2021 Lexus IS takes a trip to the gym--er, test track
With the new 2021 Lexus IS, Toyota’s luxury brand is trying to prove it hasn’t gone soft.
As Lexus’s entry-level rear-wheel drive sports sedan, the new IS is tasked with carrying the torch of bringing new buyers to Lexus—often from better-known sports-car brands such as BMW.
The hope is to bring back the sportiness that the first-generation IS was known for.
To that end, Toyota engineers have dramatically stiffened the front structure to quicken steering responses. They have shaved every fractional pound from the new car’s unsprung weight—the weight of the suspension components hanging off the springs—by using springs that are 20 percent lighter and forged aluminum arms in place of steel ones on the old car to save another 18 percent, Lexus has shaved significant weight from the suspension. Engineers even shaved two pounds overall by converting from lug nuts to wheel studs to hold the wheels on. That doesn’t sound like much, but when those two pounds come out at the wheels, it makes a notable difference in handling feel.
With a much lighter suspension and stiffer chassis, the company can use softer shock absorbers to create a smoother ride without softening the car’s reflexes in corners.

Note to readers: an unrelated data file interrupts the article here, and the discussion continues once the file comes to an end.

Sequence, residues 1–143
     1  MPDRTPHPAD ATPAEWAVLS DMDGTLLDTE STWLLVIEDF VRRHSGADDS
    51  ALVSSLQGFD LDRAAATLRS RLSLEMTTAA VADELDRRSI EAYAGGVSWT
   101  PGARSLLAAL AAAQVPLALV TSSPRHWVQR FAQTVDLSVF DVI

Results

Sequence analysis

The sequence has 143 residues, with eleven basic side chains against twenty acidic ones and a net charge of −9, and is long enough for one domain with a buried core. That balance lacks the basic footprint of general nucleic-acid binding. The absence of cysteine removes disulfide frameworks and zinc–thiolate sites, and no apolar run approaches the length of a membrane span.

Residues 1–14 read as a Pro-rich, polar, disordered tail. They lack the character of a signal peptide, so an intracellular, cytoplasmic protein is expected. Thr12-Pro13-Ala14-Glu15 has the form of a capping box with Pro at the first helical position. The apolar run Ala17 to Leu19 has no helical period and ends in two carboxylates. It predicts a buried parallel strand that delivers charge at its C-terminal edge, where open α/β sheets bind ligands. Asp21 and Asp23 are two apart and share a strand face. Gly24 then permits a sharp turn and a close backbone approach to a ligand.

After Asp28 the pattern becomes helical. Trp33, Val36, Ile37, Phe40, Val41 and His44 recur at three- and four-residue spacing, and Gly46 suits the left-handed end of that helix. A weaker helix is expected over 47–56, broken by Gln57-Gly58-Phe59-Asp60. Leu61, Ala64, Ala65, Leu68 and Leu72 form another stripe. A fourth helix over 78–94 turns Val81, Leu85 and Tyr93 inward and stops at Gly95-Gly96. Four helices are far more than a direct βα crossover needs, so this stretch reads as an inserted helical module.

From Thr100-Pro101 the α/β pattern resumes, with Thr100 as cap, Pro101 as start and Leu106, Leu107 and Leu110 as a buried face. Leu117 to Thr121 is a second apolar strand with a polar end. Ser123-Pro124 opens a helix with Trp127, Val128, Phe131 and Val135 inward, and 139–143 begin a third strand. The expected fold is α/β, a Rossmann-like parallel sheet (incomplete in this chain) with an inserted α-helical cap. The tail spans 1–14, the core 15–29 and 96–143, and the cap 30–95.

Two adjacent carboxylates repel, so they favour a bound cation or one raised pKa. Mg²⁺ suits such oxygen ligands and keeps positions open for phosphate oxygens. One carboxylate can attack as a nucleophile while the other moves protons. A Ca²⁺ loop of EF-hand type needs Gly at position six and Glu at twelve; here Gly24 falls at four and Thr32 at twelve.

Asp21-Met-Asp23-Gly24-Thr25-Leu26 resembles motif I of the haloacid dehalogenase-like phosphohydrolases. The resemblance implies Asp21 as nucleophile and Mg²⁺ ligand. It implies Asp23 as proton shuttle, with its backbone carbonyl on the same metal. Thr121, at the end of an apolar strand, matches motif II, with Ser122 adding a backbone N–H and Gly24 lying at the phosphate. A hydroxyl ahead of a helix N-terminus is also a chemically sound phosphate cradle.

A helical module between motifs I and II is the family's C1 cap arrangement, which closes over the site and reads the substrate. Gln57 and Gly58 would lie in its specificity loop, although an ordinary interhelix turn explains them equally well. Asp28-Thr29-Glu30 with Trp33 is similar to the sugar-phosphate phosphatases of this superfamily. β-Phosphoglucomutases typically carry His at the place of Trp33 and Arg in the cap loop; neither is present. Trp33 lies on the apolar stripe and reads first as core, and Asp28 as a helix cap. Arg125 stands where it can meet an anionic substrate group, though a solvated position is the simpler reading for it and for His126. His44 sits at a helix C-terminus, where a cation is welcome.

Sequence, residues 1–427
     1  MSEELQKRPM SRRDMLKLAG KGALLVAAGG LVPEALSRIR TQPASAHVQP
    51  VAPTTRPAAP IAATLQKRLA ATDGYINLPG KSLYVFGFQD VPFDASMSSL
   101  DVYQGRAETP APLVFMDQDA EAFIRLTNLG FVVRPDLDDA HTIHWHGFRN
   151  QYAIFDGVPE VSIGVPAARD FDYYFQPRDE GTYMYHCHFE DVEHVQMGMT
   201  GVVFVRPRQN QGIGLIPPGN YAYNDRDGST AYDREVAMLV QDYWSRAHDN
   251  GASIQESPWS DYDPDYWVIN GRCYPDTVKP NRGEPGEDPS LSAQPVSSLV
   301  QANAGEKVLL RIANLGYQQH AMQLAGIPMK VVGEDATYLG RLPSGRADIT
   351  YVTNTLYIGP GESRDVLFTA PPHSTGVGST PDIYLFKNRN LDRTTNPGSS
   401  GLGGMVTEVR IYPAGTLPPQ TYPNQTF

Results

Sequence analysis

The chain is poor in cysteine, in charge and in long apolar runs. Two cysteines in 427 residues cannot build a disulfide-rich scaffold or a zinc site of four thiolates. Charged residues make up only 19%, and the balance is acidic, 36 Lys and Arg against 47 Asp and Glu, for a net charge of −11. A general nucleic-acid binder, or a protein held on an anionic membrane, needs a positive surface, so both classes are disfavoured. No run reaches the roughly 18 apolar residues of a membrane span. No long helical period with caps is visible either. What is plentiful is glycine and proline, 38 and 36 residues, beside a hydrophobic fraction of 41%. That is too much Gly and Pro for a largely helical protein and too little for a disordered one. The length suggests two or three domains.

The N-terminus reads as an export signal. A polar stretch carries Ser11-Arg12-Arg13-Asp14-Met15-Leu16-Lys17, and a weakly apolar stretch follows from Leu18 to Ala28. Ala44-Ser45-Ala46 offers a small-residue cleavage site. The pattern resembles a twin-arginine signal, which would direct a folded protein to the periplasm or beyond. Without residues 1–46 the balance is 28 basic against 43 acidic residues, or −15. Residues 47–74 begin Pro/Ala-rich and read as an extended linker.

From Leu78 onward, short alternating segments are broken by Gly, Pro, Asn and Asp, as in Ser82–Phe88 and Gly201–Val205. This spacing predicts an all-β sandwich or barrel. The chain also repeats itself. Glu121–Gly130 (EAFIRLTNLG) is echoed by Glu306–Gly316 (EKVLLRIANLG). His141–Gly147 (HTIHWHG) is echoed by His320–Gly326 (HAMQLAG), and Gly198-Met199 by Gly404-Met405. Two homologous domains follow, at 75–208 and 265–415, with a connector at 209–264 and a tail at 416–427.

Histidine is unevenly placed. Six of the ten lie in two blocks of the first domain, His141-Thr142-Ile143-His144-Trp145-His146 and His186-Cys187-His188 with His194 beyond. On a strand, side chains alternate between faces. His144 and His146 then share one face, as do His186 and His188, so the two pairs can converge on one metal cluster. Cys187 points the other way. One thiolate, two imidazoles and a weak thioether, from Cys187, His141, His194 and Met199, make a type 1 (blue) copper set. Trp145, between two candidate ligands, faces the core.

All these changes designed to improve handling represent something of a breakthrough for Toyota engineers working on a car with a luxury badge. Such suspension-tuning measures are expensive and esoteric parts of designing a new car, and are processes that have historically been given short-shrift at cost-conscious Toyota.
If the company is trying to get ahead of its reputation for building dull cars, with the new IS leading the way, these changes are a good start. Toyota has long been capable of building great-driving cars, as exemplified by the original IS, as well as a handful of other older models: the MR2, certain Celicas.
Most car companies can build comfortable, smooth-riding cars, and when they want to make a sporty model, they just slap bigger wheels and lower profile tires on it, sometimes with stiffer shock absorbers, which make the car more responsive, but less refined. Often those sports costumes make cars thumpy over bumps and make them feel less refined. Lexus has often fallen into this trap with its F-Sport models, making them feel cheap—an unseemly quality for a luxury brand.
Building a sporty car that retains its luxury is expensive because properly tuning suspensions to do two things at once (comfort and responsiveness) takes may months of trial and error, often on expensive rented test tracks. It’s why German (and increasingly other automakers) have so often bragged about developing their cars on the German Nurburgring race track, known as one of the most demanding tracks in the world. But time there doesn’t come cheap.
(Computer aided engineering tools have definitely helped speed up the process. But without sufficient real-world validation, cars designed too much by computer often fall flat in the market.)
As expensive and esoteric as suspension tuning is, it has become a prime differentiator between ordinary and exciting—the difference between a buyer signing a big check (and more checks for many months to come), or choosing something else that sparks their desire. For too long, that’s what happened at Lexus dealers.